85mm Lens for Arena Sports?

Discussion in 'Sports' started by jay_philbrick, Jul 28, 2004.

  1. I'm considering an 85mm f1.8 for some upcoming hockey shoots since
    my 100-300 f4 forces me to push the iso on my D70 up to 1250-1600.
    The shots are going to be used on the web but I would like to be
    able to make some prints for those who would like them and want to
    avoid too much noise in the photos.

    When checking out the hockey arena it seemed I was usually shooting
    closer to 100 than 300 and I will be afforded a good vantage point
    (close to and 1 level above the action). I'm trying to avoid the 2.8
    zooms that are availible due to cost, the fact that I usually shoot
    outdoors sports, and because I could also use the 85 for some
    portrait work. I would guess that most would believe such a lens
    would be a compromise for this type of work.

    Has anyone tried or had any success using an 85 for hockey or
    basketball or it it just too short? When the action is close to me I
    think it would work, when it's far away maybe I can just crop in a
    bit? Thanks in advance for any help and suggestions.
  2. I used an 85 1.8 for basketabll from the baseline and liked it very much, it was much better as a short portrait lens than a sports lens in my humble opinion. Forums are for opinions and here is mine, I hate trying to use primes for fast moving sports. Zooming is much more practical, unles you know all the action your want to shoot is in a certain area. For example, if in basketball you only want shots of right under the hoop a prime would be great, but the action is everywhere and the zoom is the way to go. It's unavoidable, arenas are poorly lit and unless you want to flash you need a fast lens and fast film or high ISO. I think your 100-300 F4 at 1600 will give you alot more keepers at a hockey rink than the 85 will. Good luck, have fun and post some results.
  3. Thanks for the help. I would just stick with the zoom if I didn't hope to print and sell a few. I've been working on a few of my test shots from the rink and at 1600 there's a lot of noise. But, I can see what you mean about missing a lot of good shots by limiting myself to a prime. I'm not sure what I'll do. Thanks again.
  4. A 2.8 zoom is expensive, you may want to consider renting one to try it out. One other option is buying used, since the 70-200 AFS-VR came out you can pick up the 80-200 AFD 2.8 dirt cheap at KEH.com. I realize the $500 dollar range is not really dirt cheap, but it is generally considered one of Nikon's best offerings, and as long as you choose Nikon you might as well get some of their best glass. I had one, and it was one of the best lenses I ever owned. (I am one of the idiots that upgraded to the 70-200 ASF-VR.)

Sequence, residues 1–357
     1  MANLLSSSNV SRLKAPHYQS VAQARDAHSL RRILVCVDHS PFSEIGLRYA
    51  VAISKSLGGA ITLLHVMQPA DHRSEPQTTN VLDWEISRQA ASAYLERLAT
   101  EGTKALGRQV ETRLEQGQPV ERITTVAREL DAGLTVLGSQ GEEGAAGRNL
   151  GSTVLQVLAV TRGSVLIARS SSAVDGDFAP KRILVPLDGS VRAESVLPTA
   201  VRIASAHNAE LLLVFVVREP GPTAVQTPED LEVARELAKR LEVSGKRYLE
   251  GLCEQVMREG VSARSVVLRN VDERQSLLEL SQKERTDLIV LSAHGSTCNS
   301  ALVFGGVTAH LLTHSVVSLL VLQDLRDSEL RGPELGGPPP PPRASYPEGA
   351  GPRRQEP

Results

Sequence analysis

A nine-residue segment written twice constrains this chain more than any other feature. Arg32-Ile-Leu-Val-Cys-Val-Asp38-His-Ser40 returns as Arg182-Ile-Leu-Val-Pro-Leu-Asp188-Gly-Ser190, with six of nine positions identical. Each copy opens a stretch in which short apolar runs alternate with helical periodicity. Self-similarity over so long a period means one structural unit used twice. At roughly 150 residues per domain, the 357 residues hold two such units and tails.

5. One more thought, the cost of a new 85 is @ $300, if you trade in the 100-300 F4 and take the money you would spend to get the 85 you are probably closer to a 80-200 2.8 in excellent grade condition from KEH.
  6. Thanks, Hugh. More good ideas. Someday it looks like I'll have to get one of the faster mid-range zooms, probably without VR so it will be somewhat reasonable.
  7. Jay

    I shoot Hockey LoTTTTTTTS of Hockey at an average tournament I will shoot 3500 frames over 3 to 4 days. I first shot with an 80-200 2.8 Non AFS Nikon lense.... not bad but you should use the AFS version I only loose 1 shot in 20 to out of focus problems. The VR funtion will do you no good at all the SLOWEST you should be shooting at is 18oth @ F2.8 if you have realy good lighting you could get it to 1 250th at ISO 800. An 85 is way to short the minimum is 135mm I usualy shoot from 150 to 200. Hope this helps.....cheers and good luck.
  8. Michael, thanks for the info. I know I'll be hurting until I can get an 80-200 2.8.
  9. for youth basketball, an 85/1.8 from the baseline should work great. i've been using a Sigma 70-200 2.8 on a Canon D30. Its been good, but many times i go to my 50/1.8 cuz the gym is too dark and ISO 1600 on the d30 is too grainy. 50/1.8 Canon lens is great, but a little distant for some shots. I covet the 85/1.8 as a result, still hunting up the cash for it. for hockey, i think you need the reach of the 70-200. You have to live with the 2.8, buit it will be worth it. if you want to see shots of bball with the 70-200, go photo albums at www.leaguelineup.com/ebx. Most of them are mine with the Sigma.
  10. Thanks, Ben. I got the 85/1.8 today, so we'll see how it works soon. I think I'm going to alternate between the 2 lenses I have. I'll get some good, sharp ones near my shooting location with the new lens and hopefully some OK shots from further away with the 100-300.
  11. Part of it depends on if you're going for equal coverage of both teams. If you're sticking to one team with BBall and can move to the other end, an 85 1.8 is great. But it's not near long enough for the far end of BBall, and the far end of hockey is completely out. Having the low light ability is great, but being able to blur out the ugly in most gyms is great too. For BBall, it's my favorite lens.

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